Data loading...

VIET SEAFOOD

Philippine Handliners Want Pocket #1 Closed

Philippine tuna handliners have expressed the wish to have the High Seas Pocket 1 closed to the Philippine purse seine tuna fleet. A declaration was signed last week calling on the WCPFC and the Philippine government to act now to safeguard livelihoods. 

 

The Philippine Alliance of Tuna Handliners met at the Executive Committee regular meeting on November 27th in General Santos City, Philippines. Minutes from the meeting included in the declaration outlined: “Tuna handliners of General Santos Philippines are engaged in handline deep sea fishing operations, using sustainable gears such as one hook and one line in catching large and mature yellowfin tuna, bigeye, albacore and blue marlin.

“On the other hand, mechanized purse seiners are engaged in commercial net fishing operations, using unsustainable gears in catching small and juvenile yellowfin tuna, skipjack and other like species.”

The National Stock Assessment Program observes that the purse seiners landing catch in General Santos have smaller tunas ranging from 10 to 40 cm, 20 percent of which are yellowfin and bigeye. The same report also confirms that handliners catch yellowfin tunas ranging from 70 to 150 cm. The Alliance outlined: “This reality confirms our observations that when HSP-1 areas were closed to fishing, our yellowfin catch improves in both size and volume.”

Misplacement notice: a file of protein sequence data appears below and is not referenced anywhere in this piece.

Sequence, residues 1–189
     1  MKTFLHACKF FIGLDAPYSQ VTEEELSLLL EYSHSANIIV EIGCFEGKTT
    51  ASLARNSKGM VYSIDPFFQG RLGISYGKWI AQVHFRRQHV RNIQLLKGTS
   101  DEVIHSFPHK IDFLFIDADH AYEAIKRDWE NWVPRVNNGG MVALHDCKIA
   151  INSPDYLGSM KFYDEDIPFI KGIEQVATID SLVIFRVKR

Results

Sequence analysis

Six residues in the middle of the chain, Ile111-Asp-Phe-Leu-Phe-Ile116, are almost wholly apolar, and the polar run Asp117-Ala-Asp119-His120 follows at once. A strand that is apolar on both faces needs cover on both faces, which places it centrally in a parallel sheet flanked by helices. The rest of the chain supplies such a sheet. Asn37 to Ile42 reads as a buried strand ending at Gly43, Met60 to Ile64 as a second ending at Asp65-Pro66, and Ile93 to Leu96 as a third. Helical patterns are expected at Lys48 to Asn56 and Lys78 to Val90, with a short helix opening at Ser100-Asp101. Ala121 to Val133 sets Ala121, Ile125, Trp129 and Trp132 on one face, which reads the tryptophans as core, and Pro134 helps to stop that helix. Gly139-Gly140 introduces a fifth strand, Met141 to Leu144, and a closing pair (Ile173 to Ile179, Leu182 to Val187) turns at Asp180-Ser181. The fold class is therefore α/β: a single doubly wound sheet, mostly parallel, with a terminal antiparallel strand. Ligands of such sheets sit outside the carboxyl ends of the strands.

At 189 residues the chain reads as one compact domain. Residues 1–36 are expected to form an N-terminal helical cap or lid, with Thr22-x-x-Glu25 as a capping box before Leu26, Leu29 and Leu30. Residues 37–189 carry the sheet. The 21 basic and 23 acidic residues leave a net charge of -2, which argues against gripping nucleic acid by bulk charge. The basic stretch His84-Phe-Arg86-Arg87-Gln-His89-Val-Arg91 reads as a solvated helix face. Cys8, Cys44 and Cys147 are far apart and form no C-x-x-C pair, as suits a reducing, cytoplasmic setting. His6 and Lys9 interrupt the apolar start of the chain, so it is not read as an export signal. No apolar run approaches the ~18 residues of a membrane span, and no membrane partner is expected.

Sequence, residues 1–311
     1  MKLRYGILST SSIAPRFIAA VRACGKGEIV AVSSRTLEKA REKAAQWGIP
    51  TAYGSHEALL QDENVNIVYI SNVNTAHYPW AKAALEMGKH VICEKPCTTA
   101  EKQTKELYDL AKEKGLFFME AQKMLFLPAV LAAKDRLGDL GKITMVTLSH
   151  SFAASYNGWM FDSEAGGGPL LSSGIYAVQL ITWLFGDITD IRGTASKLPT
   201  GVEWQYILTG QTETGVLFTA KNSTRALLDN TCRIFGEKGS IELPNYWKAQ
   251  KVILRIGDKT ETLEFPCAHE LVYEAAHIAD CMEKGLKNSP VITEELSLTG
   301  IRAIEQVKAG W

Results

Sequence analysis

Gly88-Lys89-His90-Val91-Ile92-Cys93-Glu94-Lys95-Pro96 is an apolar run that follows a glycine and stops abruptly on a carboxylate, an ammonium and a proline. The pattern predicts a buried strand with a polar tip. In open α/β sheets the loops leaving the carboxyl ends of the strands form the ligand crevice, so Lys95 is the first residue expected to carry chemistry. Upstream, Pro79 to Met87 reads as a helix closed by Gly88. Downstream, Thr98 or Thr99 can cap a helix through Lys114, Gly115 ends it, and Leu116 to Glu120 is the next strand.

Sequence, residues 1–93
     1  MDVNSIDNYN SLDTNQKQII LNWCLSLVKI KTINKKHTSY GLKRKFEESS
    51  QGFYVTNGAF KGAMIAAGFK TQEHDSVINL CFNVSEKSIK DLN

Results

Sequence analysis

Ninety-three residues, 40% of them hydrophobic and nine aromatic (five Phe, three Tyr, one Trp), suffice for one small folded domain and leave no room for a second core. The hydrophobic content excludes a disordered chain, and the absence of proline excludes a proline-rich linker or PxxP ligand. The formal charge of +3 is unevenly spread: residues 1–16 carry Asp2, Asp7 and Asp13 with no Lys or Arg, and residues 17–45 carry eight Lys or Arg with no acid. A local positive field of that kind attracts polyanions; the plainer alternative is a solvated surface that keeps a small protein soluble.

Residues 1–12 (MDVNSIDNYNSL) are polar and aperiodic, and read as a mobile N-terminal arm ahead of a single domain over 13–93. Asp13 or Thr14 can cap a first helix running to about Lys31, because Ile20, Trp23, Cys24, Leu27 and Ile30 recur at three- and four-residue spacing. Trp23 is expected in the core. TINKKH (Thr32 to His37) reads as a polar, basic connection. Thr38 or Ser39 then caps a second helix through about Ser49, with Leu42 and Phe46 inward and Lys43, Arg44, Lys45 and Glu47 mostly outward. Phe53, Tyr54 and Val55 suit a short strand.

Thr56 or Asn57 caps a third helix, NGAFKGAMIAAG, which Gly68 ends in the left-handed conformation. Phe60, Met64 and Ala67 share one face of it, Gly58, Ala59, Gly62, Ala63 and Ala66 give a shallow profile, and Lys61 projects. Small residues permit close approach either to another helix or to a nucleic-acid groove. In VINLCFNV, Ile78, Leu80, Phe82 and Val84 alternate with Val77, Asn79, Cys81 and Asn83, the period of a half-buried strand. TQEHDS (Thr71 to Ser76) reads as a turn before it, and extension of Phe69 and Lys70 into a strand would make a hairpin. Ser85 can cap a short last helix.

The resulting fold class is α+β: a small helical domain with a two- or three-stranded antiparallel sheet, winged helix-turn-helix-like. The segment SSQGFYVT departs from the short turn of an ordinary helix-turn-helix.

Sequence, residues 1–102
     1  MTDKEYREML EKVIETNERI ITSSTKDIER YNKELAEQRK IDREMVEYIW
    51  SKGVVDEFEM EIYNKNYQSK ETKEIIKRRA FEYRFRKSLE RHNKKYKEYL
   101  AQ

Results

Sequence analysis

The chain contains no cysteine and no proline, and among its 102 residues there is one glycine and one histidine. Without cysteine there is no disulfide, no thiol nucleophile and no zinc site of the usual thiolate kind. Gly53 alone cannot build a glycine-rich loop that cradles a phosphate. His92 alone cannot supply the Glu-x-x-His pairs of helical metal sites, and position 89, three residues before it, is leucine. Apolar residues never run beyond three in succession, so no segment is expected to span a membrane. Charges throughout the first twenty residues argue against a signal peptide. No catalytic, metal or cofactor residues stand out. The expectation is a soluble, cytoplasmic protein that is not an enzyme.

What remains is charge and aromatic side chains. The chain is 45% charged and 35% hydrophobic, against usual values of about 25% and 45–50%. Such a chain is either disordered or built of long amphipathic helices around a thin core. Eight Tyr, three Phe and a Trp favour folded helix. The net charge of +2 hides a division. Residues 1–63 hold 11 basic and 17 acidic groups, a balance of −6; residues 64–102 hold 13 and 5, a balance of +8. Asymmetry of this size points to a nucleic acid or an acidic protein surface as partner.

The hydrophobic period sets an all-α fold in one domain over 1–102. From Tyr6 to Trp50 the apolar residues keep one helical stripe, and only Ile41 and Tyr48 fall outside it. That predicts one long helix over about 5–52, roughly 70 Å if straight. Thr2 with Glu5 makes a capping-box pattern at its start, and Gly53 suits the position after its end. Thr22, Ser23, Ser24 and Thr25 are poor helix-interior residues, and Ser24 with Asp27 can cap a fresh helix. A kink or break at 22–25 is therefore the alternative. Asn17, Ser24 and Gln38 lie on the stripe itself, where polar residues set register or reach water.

The Alliance of Tuna Handliners in the Philippines identified a number of threats and current problems. During the meeting it was stressed that: “Competition between commercial net fishing and the handline tuna fishing has proven to be difficult for the handline tuna fishermen. We observe a steady decline of catch of large mature tunas which has given our members no other alternative but to leave this livelihood in search for other viable economic opportunities, thousands of tuna handliners became jobless.”

The declaration explained that fishing has become very expensive because fishing grounds are becoming farther and farther and vessels can take up to five days just to make it there from port.

As a solution to the problems that the Alliance of Tuna Handliners addressed in the declaration, it suggests that closing the HSP1 and other areas under the WCPFC for longer periods would prove beneficial for the handline fishery sector.

The Alliance stressed: “We call upon the Philippine government to fully disclose information relevant to fishing on HSP1 and other areas under WCPFC. We are also asking the government to reconsider amending rules on transshipment happening at Davao Toril fish port and importations of frozen tuna at Gensan fishport complex Market 4, as there are reports of dumping which competes with the local fishers.”
/